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In a world of famine floods and fires and a world of disease and death and the disruption of our everyday activities, today we remember that God in the flesh understands our pain.
He knows what it feels like to hurt. He understands what it feels like to be confined in the tomb or on the cross. But his suffering on the cross opened the way for us to draw near to God. Let me try to explain by telling you an imaginary story.
In olden days entering into the presence of God would have been an unattainable privilege for a Gentile woman like myself.
If I’d stood on the desert sand dune and overlooked the Israelite camp in the wilderness following the Exodus from Egypt, I would have seen a sea of tents that stretched out on the horizon of my vision.
In the midst of the encampment, I would have noticed a much larger tent surrounded by a dazzling wall of linen that shimmered white in the scorching desert sun.
If I’d left my vantage point on the sand dune and slipped closer I might have found a bystander who would have been willing to answer my questions.
The most obvious one would have been, “what is that big tent?”
If there had been someone patient enough to explain I expect he or she would have replied with eyes as widened by surprise, “Don’t you know we’re God’s children and that tent is the Tabernacle where God is said to dwell in our midst.”
“Can I go in?” I would have naively asked.
“Go inside the Tabernacle? You must be out of your mind. It’s obvious you’re not an Israelite and you’re a woman. You could never go inside.”
“Surely there must be some way I could enter.” I would have persisted. “I’d like to draw near to God too. I long to be in his presence.”
“Well let me tell you something lady. The only way you could ever enter into the presence of God is if you were totally born all over again.”
Looking over his shoulder I might have inquired, “What’s inside those linen walls?”
“On the other side of the walls are the altar, the Laver and the tabernacle itself,” would have been the blunt direct reply. “And what’s inside the Tabernacle.”
“The Tabernacle is divided into two rooms that are separated by a heavy curtain or veil. I’m told that in the first room there’s a lamp a table and a loaf of bread on it and an altar of incense. Beyond the Veil in the second room is the Most Holy Place of God’s presence where the Ark of His Covenant rests.”
I would have longingly cried, “If only I had been born an Israelite. Then I could go into the Most Holy Place of God’s presence five times a day.”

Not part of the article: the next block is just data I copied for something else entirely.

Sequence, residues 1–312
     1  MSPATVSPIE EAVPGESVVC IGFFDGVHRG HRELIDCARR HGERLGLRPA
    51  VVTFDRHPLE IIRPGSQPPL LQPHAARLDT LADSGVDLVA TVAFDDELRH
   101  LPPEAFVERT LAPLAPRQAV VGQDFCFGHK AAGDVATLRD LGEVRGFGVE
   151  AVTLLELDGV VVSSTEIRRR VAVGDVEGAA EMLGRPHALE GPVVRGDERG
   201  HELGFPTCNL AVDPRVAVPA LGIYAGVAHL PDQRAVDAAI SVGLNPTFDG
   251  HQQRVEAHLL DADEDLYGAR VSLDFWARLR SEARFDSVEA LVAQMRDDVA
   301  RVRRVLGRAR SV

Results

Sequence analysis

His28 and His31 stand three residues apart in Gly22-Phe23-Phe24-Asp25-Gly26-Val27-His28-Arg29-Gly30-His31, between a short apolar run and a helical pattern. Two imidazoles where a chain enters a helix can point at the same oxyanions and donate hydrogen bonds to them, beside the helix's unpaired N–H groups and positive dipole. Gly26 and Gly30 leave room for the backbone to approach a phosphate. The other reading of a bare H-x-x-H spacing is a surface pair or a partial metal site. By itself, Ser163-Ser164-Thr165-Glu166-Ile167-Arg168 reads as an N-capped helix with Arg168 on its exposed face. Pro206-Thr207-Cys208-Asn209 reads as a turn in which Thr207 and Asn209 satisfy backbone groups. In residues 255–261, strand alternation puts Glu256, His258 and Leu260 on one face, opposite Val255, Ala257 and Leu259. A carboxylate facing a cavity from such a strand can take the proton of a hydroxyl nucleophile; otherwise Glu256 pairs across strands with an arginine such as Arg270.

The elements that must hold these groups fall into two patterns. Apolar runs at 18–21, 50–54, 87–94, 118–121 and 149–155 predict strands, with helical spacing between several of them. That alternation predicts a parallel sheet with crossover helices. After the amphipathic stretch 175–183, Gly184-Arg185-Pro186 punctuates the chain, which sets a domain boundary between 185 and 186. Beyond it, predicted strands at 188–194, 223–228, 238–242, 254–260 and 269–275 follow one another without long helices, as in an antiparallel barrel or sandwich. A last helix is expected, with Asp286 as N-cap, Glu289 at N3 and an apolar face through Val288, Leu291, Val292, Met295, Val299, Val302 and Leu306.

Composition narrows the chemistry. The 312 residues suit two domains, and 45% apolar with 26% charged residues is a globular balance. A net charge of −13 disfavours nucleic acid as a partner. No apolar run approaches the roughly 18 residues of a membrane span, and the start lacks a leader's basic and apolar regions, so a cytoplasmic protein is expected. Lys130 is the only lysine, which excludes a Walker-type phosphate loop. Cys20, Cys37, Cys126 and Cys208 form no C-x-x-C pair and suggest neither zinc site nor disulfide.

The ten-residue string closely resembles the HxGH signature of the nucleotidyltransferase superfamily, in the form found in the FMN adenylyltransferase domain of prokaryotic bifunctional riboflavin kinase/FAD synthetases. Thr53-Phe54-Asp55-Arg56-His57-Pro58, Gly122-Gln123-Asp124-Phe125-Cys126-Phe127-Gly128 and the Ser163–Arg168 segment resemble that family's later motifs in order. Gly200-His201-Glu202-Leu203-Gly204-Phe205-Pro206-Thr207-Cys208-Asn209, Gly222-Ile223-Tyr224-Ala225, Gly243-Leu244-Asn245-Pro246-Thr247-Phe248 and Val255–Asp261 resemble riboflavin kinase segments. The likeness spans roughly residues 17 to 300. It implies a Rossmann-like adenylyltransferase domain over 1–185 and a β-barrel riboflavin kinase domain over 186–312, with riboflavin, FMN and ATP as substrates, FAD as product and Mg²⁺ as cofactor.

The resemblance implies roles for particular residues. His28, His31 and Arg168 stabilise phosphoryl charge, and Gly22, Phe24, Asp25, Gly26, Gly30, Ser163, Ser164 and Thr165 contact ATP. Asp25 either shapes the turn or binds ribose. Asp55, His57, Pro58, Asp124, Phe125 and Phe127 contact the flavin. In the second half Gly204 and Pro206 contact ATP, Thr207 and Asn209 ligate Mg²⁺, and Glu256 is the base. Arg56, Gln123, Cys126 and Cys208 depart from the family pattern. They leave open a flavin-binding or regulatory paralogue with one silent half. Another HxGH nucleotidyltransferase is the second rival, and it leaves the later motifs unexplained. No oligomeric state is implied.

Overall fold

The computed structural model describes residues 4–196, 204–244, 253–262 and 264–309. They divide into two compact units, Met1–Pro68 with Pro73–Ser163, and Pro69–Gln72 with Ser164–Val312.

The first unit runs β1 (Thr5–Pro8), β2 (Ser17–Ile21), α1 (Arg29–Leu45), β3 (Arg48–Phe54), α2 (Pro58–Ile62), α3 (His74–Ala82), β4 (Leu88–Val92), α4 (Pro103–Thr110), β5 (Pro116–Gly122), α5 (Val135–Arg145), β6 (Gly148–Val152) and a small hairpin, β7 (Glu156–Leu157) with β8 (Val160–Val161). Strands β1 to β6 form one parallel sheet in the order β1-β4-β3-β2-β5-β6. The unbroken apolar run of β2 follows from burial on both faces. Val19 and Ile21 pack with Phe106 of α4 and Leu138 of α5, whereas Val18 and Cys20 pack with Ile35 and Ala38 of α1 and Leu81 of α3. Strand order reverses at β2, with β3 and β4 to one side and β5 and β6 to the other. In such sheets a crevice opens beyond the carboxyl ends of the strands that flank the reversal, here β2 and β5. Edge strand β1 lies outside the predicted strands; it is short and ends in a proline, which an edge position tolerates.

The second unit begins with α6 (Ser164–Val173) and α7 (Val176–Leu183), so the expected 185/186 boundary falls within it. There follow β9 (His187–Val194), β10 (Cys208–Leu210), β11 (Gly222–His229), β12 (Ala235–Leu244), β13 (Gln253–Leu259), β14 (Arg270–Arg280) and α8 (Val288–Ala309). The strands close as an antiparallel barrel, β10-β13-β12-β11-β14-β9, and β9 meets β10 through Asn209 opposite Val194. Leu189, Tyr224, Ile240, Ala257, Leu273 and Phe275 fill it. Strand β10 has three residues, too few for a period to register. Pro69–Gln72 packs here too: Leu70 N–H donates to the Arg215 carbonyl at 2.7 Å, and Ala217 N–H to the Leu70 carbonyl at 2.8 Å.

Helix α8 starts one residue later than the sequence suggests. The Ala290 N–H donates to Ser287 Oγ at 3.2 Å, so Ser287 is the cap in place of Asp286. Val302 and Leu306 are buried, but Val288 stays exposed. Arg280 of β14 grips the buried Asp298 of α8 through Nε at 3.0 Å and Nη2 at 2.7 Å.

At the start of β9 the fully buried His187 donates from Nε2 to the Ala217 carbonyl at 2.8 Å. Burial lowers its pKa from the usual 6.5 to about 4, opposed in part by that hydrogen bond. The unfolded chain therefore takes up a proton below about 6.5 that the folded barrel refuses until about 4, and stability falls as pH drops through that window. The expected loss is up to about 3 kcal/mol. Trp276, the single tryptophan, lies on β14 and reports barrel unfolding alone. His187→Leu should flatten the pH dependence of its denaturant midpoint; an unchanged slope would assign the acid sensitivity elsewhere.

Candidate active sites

“Lady, you still don’t get it.” My informer would have said with a tone of exasperation.
“Israelite men can’t go inside the tabernacle either. Only the priests are allowed inside and even the priests can’t go inside the Most Holy Place of God’s presence. Only the high priest can go beyond the veil.”
“Oh, how I wish I was an Israelite man who is also the high priest. Then I would go into God’s presence every day. In fact, I would just stay there. I would live in God’s presence.”
Perhaps with a sympathetic softening to his eyes the bystander would have replied gently but with finality, “But the high priest himself can only enter within the veil once a year.”
And I would be turned away with no hope of ever entering into the most holy place of God’s presence until Jesus came. And Jesus has come.
When he died on the cross that veil between the holy place and the most holy place was torn from top to bottom and He opened the way into the most holy place of God’s presence.
Hebrews 10: 19-22 says, “Therefore since we have confidence to enter the most holy place by the blood of Jesus by a new and living way open for us through the curtain, that is His body, and since we have a great high priest over the house of God let us draw nearer to God with a sincere heart in full assurance of faith.”
Come into God’s presence. Draw near. You’re welcome. Tell Him about your problems. Tell Him about your pain. Confess your sin, ask for His forgiveness as you remember that His blood was shed, and His body was broken for you.
Pray with me for a moment:
Father God we’re in awe that the God of the universe has invited us to draw near to You. And when we do You’ve promised that You will draw near to us.
We know from Scripture that You have ears to hear what we’re crying and eyes to see us right where we are and arms that are long enough to reach us and strong enough to hold this.
So, I’m asking You dear Father God, all the people in their homes on this Good Friday, would You hold them close. Would You be near to them as we draw near to You. And we ask this please In Jesus’ name and for His glory.
Adapted from Anne Graham Lotz’s Good Friday sermon for Bridgeway Community Church in Columbia, Maryland. For more from Anne click here to visit her website.